- Associated Press - Tuesday, July 27, 2010

LONDON (AP) — The United Nations inspector who led a doomed hunt for weapons of mass destruction in Iraq told Britain’s inquiry into the 2003 invasion Tuesday that the United States and the United Kingdom relied on flawed intelligence and showed dubious judgment in the buildup to war.

Hans Blix, the 82-year-old former chief U.N. weapons inspector, said Washington was “high on military” action in the aftermath of the Sept. 11, 2001, attacks on the United States and refused to heed concerns over the paltry threat posed by Saddam Hussein’s regime.

At a London hearing, Mr. Blix said those who were “100 percent certain there were weapons of mass destruction” in Iraq turned out to have “less than zero percent knowledge” of where the purported hidden caches would be found.

Though Mr. Blix previously has made similar criticisms of the case for war, his testimony built on evidence already offered to the British panel of a U.S. administration inevitably marching to conflict.

“When we reported that we did not find any weapons of mass destruction, they should have realized, I think, both in London and in Washington, that their sources were poor,” Mr. Blix said. “Their sources were looking for weapons, not necessarily weapons of mass destruction. They should have been more critical of that.”

Mr. Blix told the panel, set up by the British government to examine the case for the war and errors in planning for post-conflict reconstruction, that he warned British Prime Minister Tony Blair in a February 2003 meeting — as well as U.S. Secretary of State Condoleezza Rice during separate talks — that Saddam Hussein might have no weapons of mass destruction.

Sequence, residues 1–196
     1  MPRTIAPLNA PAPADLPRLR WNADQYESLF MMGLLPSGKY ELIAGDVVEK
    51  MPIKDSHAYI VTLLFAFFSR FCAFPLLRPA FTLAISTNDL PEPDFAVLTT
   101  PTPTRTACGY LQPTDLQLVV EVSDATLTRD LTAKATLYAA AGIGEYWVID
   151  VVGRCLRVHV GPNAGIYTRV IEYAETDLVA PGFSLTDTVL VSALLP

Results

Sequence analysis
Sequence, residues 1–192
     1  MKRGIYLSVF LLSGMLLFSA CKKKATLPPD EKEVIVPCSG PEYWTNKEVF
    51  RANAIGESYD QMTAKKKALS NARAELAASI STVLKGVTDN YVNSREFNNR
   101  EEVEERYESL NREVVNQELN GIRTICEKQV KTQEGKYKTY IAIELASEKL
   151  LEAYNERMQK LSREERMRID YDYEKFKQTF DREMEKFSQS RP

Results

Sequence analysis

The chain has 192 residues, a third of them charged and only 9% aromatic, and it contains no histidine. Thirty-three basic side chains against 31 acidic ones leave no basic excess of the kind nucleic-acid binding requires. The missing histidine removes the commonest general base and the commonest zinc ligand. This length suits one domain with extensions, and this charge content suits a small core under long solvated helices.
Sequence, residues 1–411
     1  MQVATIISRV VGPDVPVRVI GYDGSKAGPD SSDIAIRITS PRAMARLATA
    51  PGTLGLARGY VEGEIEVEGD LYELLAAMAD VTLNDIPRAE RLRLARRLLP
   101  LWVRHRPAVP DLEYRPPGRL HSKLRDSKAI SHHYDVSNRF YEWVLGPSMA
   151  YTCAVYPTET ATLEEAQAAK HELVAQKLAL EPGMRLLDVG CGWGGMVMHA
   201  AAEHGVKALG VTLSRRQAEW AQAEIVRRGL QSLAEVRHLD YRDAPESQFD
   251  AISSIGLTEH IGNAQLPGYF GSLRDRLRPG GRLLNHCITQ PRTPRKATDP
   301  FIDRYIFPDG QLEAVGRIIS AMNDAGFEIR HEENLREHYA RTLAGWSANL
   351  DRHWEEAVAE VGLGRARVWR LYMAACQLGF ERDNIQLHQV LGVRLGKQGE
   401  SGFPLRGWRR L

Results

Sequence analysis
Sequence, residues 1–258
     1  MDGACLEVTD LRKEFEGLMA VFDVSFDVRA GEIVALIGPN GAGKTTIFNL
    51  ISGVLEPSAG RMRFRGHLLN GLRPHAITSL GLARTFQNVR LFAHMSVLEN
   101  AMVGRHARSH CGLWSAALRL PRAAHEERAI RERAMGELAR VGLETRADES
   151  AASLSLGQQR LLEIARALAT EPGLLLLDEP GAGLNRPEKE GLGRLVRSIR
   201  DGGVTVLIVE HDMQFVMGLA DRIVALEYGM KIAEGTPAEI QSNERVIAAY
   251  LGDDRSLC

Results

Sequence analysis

He said he told Miss Rice and Mr. Blair his “belief, faith in intelligence had been weakened.”

An earlier British investigation criticized U.K. spy agency officials for relying on seriously flawed or unreliable sources in drafting prewar dossiers on Iraq’s threat.

Last week, Eliza Manningham-Buller, ex-director of Britain’s domestic spy agency, MI5, told the inquiry that the prewar intelligence picture was “fragmentary,” raising similar concerns to Mr. Blix.

“The picture was not complete. The picture on intelligence never is,” she told the panel.

Mr. Blix said he believed Mr. Blair, who testified before the inquiry panel in January, was genuine in his belief that Iraq was concealing weapons, but ultimately was mistaken.

“I certainly felt that he was absolutely sincere in his belief,” Mr. Blix said. “What I questioned was the good judgment, particularly with Bush, but also in Blair’s judgment.”

Mr. Blair told the five-member panel in January it was right to invade even if there was just a “possibility that he could develop weapons of mass destruction.”

Mr. Blix — a former Swedish minister who acknowledged that he, too, long suspected Iraq was concealing weapons, most likely stocks of anthrax — repeated his claim that inspectors had too little time to assess the extent of Saddam’s threat.

He has said previously that immediately before the 2003 U.S.-led invasion, his inspectors checked about three dozen sites said by British and U.S. intelligence to contain such weapons, but discovered no evidence.

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